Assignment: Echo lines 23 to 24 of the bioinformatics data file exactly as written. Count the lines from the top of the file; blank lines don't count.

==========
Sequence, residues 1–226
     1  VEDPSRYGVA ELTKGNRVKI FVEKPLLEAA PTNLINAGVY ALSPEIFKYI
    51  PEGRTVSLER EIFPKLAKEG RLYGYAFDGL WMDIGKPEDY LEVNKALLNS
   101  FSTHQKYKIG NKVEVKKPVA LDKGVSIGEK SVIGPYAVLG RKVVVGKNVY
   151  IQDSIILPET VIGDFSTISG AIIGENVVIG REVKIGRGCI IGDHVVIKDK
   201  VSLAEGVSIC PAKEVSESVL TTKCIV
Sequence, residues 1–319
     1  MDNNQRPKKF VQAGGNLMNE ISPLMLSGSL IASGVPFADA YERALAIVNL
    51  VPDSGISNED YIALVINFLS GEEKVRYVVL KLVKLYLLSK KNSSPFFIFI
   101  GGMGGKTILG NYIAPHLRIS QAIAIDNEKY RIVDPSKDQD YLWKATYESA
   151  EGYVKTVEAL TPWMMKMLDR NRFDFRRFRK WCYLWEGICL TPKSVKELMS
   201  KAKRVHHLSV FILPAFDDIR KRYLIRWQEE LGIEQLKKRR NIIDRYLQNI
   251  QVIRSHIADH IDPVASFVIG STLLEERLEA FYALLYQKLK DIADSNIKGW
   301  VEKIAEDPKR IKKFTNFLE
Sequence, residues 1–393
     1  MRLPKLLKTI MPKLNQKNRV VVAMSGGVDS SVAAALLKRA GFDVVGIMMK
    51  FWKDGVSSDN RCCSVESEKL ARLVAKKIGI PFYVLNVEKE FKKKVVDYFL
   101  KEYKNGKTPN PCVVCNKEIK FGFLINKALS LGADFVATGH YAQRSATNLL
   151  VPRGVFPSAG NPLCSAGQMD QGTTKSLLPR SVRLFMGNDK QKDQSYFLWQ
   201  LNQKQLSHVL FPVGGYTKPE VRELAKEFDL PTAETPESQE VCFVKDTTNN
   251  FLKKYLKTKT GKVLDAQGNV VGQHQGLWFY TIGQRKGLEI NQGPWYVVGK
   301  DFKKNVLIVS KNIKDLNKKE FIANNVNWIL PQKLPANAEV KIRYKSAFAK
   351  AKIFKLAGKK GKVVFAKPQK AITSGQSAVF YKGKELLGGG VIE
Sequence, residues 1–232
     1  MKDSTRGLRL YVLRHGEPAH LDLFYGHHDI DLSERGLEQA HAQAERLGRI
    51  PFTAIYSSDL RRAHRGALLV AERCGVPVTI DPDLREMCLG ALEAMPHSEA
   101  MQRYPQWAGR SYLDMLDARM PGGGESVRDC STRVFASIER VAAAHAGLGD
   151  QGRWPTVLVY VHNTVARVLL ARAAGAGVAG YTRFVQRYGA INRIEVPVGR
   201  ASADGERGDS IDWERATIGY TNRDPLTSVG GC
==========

   351  AKIFKLAGKK GKVVFAKPQK AITSGQSAVF YKGKELLGGG VIE
Sequence, residues 1–232